More troublingly yet, by seeking to identify solutions to problems that barely exist, our planners have failed to focus sufficiently on the things that local government alone can do. Instead worrying about the evils of “long” distance commuting, our public representatives and their officials should increase the level of local policing, both in the towns and countryside- as there is too much yobbery in the one, and too much robbery in the other-if only because the high cost of security and insurance are an unofficial tax on entrepreneurial activity. The Council should also do much more to improve and maintain local roads in the county. While Co. Wexford has a flourishing micro- business sector, the council needs to start exploring the anecdotal evidence that barriers to entry are much too high. Street trading should be encouraged.  Radical solutions such as enterprise zones need to be examined. Above all the Council needs to look into the manner in which excessive regulation prevents small businesses from growing in the way that they should. In such ways as these the Council could materially contribute to the prosperity of the “model county”. Worrying the supposed dangers of commuting , and distributing expensive leaflets, isn’t going to do it for Wexford for Ireland!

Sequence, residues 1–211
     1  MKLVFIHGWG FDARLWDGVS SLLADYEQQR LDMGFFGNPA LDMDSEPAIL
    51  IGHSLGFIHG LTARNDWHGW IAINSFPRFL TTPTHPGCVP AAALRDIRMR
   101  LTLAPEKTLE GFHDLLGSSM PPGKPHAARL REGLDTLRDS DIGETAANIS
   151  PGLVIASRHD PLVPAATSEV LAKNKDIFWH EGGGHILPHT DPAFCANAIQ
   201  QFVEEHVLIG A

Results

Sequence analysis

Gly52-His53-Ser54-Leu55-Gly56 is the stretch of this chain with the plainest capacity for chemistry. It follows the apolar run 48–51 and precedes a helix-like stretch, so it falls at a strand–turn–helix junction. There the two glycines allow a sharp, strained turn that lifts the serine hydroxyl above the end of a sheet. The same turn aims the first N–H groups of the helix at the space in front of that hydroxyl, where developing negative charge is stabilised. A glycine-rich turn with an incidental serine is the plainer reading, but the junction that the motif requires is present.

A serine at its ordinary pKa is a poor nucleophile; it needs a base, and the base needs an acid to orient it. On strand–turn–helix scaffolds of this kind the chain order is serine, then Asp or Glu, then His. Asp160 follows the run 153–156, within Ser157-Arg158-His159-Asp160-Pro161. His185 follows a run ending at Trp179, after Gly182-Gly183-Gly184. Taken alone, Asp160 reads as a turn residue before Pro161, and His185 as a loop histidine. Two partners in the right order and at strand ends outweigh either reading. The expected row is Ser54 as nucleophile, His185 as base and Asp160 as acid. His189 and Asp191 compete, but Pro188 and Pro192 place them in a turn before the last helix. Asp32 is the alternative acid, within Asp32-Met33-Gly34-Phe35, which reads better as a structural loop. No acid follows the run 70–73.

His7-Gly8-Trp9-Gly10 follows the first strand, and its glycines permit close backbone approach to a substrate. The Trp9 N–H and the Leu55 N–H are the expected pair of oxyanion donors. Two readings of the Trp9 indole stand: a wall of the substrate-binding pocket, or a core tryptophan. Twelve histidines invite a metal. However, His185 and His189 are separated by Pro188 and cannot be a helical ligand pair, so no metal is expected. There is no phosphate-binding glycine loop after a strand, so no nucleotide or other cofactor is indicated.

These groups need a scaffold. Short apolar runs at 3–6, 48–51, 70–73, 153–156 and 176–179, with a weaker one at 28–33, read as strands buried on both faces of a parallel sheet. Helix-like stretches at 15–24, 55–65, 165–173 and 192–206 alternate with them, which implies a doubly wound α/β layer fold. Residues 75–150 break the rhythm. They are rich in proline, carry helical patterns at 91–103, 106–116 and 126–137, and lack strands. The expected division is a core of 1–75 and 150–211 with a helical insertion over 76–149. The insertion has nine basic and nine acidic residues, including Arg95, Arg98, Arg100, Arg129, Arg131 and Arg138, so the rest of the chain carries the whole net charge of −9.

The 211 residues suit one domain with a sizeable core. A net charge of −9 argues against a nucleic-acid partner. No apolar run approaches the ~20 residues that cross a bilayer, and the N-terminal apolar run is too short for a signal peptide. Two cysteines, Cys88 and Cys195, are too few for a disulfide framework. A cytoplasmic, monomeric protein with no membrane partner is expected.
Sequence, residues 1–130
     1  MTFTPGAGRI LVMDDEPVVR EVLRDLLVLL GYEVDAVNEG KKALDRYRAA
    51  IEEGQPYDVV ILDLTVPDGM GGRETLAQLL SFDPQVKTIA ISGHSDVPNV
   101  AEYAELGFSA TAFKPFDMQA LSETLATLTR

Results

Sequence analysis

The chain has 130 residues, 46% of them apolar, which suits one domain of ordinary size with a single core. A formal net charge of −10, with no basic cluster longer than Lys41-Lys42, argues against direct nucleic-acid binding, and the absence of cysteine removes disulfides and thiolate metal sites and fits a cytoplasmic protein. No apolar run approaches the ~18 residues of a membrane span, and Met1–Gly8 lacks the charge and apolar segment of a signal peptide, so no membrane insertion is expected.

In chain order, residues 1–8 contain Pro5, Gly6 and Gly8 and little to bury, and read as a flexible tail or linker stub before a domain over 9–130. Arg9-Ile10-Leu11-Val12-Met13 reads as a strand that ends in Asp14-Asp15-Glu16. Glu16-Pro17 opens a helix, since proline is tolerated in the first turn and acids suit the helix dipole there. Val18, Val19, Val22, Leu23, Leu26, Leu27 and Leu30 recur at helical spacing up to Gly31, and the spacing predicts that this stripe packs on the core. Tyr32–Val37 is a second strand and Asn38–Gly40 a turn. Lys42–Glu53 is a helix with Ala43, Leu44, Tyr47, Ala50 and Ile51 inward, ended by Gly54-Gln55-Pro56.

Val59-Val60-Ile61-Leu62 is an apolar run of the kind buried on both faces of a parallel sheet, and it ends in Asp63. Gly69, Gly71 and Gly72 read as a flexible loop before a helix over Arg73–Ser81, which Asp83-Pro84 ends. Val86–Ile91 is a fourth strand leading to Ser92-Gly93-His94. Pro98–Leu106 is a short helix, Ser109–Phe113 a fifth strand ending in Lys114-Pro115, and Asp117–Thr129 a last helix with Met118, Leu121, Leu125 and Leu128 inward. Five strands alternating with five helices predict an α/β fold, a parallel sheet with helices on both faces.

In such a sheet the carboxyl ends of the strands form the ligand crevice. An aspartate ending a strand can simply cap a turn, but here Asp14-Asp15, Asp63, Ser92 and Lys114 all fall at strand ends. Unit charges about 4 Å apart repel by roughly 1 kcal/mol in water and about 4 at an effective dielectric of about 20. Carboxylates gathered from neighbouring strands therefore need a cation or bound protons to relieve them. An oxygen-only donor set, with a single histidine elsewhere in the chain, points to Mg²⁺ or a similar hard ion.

DISCLOSURE.

As a resident of a rural part of North Wexford I would of course benefit from better roads and more policing in the area. The value of my house is also increased by the fact that it is in reasonable commuting distance of Dublin.

REFERENCES AND SUBSIDIARY STUFF.

John Jewkes ( 1902-1988 ) was a professor of economics at the University of Manchester. “Ordeal by Planning” was his most famous book. He was also an expert on innovation.